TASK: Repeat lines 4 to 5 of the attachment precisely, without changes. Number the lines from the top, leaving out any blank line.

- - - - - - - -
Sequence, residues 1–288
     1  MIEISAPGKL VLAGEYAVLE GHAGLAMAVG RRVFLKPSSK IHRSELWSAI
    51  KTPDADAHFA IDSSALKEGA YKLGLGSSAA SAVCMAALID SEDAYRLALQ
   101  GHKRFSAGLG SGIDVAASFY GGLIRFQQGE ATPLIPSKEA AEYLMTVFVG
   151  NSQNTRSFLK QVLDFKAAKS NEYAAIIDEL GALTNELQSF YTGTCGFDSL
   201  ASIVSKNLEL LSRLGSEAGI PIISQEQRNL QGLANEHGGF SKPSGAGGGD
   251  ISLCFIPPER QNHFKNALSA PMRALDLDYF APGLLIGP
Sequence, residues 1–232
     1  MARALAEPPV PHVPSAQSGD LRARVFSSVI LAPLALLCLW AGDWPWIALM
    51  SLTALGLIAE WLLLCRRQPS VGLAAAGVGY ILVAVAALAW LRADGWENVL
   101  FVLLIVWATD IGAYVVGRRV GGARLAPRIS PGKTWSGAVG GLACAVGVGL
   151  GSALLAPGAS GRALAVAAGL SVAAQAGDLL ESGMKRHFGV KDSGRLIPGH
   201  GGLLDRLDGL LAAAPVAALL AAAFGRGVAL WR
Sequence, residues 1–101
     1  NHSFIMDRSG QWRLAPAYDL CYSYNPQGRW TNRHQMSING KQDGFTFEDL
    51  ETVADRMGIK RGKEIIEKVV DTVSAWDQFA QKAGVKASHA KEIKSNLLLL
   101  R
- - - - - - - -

   101  GHKRFSAGLG SGIDVAASFY GGLIRFQQGE ATPLIPSKEA AEYLMTVFVG
   151  NSQNTRSFLK QVLDFKAAKS NEYAAIIDEL GALTNELQSF YTGTCGFDSL